7. By e-mail of 30 June 2009, EPSO replied to the complainant and attached a copy of her written test b) and the evaluation sheet for that test. Owing to the confidential nature of the Selection Board's proceedings[2], EPSO stated that it was not possible for candidates to have access to the correct answers.

8. According to the evaluation sheet, in order to evaluate the candidates' performance, the Selection Board based itself on the following criteria, which were provided in the first column of the evaluation sheet:

"1. Legal aspects

a) Terminology

b) General Understanding

2. Linguistic aspect

a) Source language: Logical comprehension, syntax, vocabulary

b) Target language: Overall quality of expression and vocabulary. Grammar, syntax, spelling, punctuation."

The second column of the evaluation sheet was headed "Comments". In the text box provided, the evaluation sheet contained the following hand-written comments: "Serious mistakes in terminology and spelling mistakes", "Omission of several words/phrases", "Insufficient general understanding."

9. On 1 July 2009, the complainant e-mailed EPSO and complained that, although she had received a copy of her written test b), she could not identify the mistakes she made or how these mistakes were evaluated. At the same time, she pointed out that she had not received a copy of written test a). As regards EPSO's refusal to hand her a copy of the correct answers, the complainant rejected the confidentiality argument and stated that "the correct answers in a translation competition cannot be considered confidential since the text to be translated is unique and will never be chosen again in the future." The complainant expressed her wish to receive a full reply as soon as possible.

10. By letter dated 23 July 2009, EPSO replied quoting the Selection Board which, in turn, decided not to change its original evaluation. EPSO further stated that, in accordance with settled case-law, it was not obliged to inform candidates of the evaluation method.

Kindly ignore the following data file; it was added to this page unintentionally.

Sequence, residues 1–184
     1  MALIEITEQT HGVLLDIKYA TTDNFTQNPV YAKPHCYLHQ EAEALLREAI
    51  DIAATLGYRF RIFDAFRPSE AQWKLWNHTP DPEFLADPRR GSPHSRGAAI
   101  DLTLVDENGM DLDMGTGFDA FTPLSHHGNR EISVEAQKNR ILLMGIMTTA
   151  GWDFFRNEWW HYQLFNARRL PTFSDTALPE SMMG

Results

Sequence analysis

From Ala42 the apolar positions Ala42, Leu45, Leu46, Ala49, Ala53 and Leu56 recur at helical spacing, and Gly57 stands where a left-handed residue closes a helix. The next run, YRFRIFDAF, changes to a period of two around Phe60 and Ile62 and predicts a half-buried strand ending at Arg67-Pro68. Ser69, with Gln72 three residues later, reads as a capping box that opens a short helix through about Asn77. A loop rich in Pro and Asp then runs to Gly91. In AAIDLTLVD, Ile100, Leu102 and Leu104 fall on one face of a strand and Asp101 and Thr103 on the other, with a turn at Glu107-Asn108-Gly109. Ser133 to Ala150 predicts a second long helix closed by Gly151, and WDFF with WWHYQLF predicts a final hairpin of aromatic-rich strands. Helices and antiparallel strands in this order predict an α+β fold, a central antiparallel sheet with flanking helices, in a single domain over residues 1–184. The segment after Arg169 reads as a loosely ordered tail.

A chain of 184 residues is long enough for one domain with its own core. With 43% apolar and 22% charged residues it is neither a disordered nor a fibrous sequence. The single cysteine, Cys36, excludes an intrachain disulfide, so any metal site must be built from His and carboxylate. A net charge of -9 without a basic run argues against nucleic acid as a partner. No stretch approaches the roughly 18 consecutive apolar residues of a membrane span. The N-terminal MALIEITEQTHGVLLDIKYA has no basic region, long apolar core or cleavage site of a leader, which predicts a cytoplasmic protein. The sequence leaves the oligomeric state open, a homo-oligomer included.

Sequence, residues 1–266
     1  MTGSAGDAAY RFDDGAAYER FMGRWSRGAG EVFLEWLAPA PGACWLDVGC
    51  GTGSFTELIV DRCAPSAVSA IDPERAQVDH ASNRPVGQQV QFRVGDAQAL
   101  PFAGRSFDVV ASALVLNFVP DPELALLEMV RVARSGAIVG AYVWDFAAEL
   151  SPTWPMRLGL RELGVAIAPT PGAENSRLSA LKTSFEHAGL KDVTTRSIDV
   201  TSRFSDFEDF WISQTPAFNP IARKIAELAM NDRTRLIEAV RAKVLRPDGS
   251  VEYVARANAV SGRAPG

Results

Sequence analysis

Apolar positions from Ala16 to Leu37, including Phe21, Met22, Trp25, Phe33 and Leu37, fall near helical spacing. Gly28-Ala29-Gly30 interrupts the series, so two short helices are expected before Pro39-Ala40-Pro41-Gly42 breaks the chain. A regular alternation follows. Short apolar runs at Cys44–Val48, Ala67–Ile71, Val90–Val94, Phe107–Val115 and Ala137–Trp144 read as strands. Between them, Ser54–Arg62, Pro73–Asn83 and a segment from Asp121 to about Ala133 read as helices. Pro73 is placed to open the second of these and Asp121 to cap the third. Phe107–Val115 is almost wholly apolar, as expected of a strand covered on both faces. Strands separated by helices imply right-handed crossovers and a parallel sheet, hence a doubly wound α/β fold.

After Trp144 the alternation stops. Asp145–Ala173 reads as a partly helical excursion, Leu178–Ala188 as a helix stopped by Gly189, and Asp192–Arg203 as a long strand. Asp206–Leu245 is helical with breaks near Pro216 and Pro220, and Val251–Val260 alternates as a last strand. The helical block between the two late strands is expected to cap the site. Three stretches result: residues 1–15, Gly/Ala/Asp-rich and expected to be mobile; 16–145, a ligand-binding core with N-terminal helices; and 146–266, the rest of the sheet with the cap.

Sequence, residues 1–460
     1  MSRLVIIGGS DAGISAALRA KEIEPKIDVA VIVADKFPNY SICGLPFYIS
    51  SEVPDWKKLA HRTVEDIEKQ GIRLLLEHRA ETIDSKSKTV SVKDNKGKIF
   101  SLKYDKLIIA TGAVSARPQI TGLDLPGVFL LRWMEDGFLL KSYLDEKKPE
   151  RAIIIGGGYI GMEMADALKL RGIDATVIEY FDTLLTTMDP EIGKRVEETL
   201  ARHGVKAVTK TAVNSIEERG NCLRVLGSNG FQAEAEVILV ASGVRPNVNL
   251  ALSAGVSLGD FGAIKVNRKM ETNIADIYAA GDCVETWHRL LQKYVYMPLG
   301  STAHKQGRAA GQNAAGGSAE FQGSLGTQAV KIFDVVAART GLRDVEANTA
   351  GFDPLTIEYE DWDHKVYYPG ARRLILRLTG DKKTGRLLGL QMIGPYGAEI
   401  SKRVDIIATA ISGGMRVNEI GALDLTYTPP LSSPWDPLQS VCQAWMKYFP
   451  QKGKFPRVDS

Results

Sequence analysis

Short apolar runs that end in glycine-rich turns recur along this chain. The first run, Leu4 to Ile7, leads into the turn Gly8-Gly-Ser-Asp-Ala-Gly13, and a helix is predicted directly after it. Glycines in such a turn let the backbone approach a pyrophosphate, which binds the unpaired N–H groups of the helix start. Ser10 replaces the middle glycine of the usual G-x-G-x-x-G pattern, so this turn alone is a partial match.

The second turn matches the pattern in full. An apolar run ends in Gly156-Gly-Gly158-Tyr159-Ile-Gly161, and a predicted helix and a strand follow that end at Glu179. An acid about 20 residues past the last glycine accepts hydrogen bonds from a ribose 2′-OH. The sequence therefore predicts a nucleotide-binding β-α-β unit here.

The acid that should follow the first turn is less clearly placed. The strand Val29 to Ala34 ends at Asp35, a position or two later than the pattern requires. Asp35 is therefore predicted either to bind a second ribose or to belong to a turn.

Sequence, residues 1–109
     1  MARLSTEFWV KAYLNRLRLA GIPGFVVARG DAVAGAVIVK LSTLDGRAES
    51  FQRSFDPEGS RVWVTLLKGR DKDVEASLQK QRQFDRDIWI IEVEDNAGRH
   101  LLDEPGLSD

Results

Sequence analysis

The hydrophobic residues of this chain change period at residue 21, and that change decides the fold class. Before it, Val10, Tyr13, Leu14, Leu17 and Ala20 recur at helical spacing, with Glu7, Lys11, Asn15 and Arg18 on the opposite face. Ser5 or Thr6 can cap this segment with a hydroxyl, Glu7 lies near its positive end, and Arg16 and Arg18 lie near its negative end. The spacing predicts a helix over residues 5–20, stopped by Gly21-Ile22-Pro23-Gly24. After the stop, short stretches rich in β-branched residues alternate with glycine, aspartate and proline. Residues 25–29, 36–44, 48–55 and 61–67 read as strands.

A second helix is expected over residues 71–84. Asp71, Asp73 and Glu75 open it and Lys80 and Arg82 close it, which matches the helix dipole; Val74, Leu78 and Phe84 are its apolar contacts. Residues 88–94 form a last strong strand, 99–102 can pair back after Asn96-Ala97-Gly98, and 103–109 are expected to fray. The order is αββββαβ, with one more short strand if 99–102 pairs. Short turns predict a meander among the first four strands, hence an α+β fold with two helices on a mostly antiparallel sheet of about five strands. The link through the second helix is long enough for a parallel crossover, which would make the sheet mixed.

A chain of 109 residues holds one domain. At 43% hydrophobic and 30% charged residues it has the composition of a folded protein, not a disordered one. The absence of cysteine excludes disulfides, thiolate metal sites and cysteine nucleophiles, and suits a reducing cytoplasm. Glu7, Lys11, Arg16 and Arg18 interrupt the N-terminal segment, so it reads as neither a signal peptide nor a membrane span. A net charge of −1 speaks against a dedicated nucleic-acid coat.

11. On 3 December 2009, the complainant turned to the European Ombudsman.

The subject matter of the inquiry

12. The Ombudsman opened an inquiry into the complainant's allegation that EPSO failed to provide the requested clarifications as regards the marks she was awarded, and the complainant's claim that EPSO should fully inform her about her errors, the correct answers to the test and the evaluation method used by the Selection Board.

13. In order to facilitate his inquiry into the present complaint, the Ombudsman requested EPSO to clarify certain specific issues. He addressed the following questions to EPSO:

(1) Given the special nature of the competition (lawyer-linguists) and more specifically the written test at issue (translation),[3] did the Selection Board provide a model 'correct translation' to the Selection Board members assessing written test b)?

(2) If no model translation was given, have the assessors been given any marking and evaluation criteria? More specifically, have there been instructions to the Selection Board concerning the correctness, adequacy, structure etc. of the candidates' replies in written test b)? In addition, have there been any guidelines in relation to the gravity of errors vis-à-vis omissions, or the possibility of more than one correct answer to any given question/part of the test?

(3) EPSO provided the complainant with an evaluation sheet and, therefore, the scope of the inquiry should not extend to the argument that EPSO has not done so. However, it is unclear whether the person signing the evaluation sheet does so in their capacity as member of the Selection Board or their capacity as assessor of the written test. EPSO is further requested to clarify how the complainant's assessment on the evaluation sheet matches to the evaluation and marking criteria and what is the breakdown of the marks awarded against the said criteria.